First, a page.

As a Rogers Outrank business based in the South West, we are more aware than many of the impact of more than enough rain. From a gardener’s perspective, however, most rain is a blessing as it saves work and money. However, there can be too much of a good thing and most of the United Kingdom is probably past that point by now. Most of the UK has been subject to a litany warnings of at best very heavy rainfall and at worst severe flooding. For newly planted plants, this is serious for two reasons. The first is that plants roots need to breathe and with very few exceptions (willow, alder) shrubs and trees do not survive in waterlogged ground. The traditional (and correct) advice for planting almost anything is to put it into a hole in the ground which contains soil enriched with organic matter. By definition, this soil will be less compact than the surrounding ground and it will therefore tend to fill with water. If the ground does not drain well, for example, if it is heavy clay, the planting hole will remain full of water for an extended period.
- After heavy rain, wait until watering.
If you have planting holes, or have planted hedge plants such as yew, beech and hornbeam into trenches that are not draining then, as a minimum, do not be tempted to water for several weeks after the heavy rain has passed.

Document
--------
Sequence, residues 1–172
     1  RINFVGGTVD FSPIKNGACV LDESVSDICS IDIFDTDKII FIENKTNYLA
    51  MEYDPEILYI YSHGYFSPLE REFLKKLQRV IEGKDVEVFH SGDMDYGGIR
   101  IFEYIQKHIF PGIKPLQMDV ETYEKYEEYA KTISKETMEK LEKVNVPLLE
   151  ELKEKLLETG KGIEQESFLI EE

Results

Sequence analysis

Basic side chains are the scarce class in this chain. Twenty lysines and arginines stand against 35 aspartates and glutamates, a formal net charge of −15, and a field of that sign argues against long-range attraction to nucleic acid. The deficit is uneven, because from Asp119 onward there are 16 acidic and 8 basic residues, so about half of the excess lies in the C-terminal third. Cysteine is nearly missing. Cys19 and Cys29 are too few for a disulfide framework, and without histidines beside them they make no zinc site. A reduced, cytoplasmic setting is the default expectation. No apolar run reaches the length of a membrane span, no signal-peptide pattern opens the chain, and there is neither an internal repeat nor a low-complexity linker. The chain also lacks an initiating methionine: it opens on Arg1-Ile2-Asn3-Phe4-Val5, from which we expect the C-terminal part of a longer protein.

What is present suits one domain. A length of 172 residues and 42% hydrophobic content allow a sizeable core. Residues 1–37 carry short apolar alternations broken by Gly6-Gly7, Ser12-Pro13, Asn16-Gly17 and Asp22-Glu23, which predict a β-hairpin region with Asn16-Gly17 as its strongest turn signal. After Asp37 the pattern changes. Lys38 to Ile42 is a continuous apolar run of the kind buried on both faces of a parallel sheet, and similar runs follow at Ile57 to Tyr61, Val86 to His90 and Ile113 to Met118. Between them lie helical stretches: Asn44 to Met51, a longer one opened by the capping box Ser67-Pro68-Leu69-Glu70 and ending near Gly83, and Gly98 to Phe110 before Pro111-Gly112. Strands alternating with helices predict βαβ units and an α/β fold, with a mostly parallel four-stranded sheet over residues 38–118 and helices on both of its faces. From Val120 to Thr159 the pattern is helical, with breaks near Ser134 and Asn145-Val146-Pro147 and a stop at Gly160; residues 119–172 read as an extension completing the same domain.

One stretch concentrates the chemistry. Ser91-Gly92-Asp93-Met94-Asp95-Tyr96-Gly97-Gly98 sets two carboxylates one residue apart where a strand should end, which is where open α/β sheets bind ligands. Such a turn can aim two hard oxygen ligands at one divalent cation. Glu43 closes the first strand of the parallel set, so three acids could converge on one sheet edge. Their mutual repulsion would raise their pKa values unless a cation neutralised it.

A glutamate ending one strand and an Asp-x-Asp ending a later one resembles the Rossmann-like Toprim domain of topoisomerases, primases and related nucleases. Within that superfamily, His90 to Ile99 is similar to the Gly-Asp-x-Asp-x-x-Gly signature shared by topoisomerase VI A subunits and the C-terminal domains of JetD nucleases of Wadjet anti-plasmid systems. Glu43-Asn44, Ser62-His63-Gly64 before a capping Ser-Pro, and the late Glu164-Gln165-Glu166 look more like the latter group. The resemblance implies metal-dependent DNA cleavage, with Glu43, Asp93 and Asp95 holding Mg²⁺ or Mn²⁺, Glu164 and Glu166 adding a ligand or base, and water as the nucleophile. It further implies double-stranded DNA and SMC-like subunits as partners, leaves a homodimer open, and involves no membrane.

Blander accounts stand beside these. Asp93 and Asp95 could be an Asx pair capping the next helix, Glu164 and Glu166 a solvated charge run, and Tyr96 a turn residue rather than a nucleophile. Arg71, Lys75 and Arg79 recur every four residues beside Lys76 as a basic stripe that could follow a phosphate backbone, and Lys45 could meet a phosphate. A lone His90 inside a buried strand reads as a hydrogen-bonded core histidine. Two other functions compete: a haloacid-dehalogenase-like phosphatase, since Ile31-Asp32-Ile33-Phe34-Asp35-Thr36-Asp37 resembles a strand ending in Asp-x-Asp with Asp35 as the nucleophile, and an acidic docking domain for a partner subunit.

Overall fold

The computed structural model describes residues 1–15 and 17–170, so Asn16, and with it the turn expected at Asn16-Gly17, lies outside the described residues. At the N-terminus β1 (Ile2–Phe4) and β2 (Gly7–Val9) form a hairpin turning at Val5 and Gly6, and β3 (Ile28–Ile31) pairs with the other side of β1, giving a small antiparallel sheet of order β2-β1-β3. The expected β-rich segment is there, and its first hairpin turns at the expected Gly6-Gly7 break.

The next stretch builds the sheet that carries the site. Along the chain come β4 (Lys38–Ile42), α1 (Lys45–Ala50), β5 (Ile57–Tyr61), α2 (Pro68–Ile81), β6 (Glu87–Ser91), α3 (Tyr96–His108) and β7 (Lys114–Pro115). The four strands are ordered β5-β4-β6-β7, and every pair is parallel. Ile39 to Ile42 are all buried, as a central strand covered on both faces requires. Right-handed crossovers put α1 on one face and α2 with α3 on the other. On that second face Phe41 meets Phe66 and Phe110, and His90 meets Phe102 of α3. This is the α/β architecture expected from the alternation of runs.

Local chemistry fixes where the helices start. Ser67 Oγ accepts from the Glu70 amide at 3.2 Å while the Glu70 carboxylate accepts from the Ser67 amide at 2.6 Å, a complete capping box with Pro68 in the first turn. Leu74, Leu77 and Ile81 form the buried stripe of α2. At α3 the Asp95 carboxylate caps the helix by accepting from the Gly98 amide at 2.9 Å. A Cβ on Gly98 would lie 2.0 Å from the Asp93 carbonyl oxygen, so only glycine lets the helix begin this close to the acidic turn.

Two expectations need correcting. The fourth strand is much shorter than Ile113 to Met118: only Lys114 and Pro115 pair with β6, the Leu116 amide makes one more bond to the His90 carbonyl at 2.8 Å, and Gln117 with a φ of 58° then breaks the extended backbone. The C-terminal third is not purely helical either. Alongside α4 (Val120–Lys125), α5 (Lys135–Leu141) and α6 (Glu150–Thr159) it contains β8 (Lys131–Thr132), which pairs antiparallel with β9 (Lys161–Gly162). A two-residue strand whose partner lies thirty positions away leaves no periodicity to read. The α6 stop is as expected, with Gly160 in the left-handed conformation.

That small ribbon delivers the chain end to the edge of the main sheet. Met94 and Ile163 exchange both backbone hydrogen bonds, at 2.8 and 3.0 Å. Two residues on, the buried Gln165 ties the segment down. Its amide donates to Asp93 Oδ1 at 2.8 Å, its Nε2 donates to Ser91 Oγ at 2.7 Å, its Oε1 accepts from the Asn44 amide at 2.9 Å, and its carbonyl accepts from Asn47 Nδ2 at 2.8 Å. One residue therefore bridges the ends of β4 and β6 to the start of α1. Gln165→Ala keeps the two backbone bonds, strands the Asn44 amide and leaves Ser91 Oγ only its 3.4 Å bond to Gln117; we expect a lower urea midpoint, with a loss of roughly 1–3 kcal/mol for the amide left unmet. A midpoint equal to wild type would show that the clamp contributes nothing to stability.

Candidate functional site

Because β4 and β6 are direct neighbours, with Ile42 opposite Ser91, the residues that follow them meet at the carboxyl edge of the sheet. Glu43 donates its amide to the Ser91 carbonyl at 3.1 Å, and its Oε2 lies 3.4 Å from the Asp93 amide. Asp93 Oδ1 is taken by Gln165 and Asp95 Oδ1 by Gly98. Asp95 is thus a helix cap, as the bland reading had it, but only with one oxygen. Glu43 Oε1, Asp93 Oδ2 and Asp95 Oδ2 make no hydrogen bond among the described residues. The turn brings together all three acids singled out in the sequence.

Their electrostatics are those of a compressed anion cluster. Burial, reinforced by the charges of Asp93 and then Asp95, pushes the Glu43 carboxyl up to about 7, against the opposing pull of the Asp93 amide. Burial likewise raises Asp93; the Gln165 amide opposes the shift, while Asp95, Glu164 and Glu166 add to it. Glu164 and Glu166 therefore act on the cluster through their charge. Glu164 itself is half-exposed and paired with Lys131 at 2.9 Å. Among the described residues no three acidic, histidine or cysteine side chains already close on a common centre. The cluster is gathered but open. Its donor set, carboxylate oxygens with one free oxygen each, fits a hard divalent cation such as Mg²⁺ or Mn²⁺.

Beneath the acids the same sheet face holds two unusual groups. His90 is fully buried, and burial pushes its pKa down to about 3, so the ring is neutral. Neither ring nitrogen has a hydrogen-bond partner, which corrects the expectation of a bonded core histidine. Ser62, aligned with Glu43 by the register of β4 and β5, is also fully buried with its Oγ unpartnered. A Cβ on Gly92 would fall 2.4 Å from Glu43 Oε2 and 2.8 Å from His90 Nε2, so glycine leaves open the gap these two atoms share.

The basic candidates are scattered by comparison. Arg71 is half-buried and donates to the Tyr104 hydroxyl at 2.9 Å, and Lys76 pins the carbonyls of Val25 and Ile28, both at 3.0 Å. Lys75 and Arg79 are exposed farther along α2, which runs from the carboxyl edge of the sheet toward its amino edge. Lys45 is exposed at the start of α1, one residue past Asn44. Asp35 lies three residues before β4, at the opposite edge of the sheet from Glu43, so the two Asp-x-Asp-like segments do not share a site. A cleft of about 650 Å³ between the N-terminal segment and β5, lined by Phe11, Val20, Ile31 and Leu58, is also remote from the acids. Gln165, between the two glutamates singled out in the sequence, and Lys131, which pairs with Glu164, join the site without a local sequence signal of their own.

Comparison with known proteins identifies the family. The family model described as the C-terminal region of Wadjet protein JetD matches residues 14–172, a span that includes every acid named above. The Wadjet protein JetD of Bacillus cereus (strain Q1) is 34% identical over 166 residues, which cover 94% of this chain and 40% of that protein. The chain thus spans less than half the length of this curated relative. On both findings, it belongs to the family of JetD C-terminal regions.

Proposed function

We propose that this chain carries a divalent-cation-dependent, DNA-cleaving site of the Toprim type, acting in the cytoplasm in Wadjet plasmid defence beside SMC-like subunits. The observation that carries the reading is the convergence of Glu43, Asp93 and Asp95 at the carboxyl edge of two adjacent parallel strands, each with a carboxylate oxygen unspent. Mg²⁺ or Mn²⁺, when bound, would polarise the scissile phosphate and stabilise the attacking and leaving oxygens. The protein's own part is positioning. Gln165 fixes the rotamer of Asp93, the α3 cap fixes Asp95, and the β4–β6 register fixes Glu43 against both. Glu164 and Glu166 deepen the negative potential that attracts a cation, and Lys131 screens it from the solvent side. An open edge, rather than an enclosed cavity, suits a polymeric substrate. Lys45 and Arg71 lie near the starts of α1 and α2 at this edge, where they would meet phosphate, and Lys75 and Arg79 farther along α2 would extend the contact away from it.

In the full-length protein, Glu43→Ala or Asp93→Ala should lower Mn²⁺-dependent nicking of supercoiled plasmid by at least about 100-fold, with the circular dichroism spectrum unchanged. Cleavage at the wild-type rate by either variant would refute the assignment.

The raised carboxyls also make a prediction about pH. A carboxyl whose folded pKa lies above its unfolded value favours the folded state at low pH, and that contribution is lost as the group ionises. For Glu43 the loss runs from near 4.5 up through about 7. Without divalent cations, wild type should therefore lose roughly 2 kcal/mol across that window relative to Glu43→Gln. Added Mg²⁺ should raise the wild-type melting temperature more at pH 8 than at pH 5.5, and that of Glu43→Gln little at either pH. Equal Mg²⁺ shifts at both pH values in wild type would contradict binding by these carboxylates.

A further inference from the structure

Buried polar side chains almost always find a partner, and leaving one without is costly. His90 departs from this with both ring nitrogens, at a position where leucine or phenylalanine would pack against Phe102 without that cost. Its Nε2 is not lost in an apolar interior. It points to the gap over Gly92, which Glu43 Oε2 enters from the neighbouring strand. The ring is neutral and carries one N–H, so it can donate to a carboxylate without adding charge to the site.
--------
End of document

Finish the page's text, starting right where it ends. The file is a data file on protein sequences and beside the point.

- Dig a Ditch.
Digging a relief trench, if the terrain makes it possible, to allow the planting hole/trench to drain will be beneficial. You can always fill it in later.
- Consider global warming in your planting plans.
If, like many experts, you believe that the British Isles will become increasingly wet as global warming advances, then it would be prudent to amend your planting plans so that you choose subjects that prefer wetter conditions.
- More rain makes the ground less secure.
Heavy rain also tends to soften the ground and when that is followed by strong winds then even small newly planted subjects can be pushed over and in extreme cases blown out of the ground.
- Top tip.
Our best advice is that if your ground is too wet, don’t plant until it is drier. There is plenty of time left for that to happen.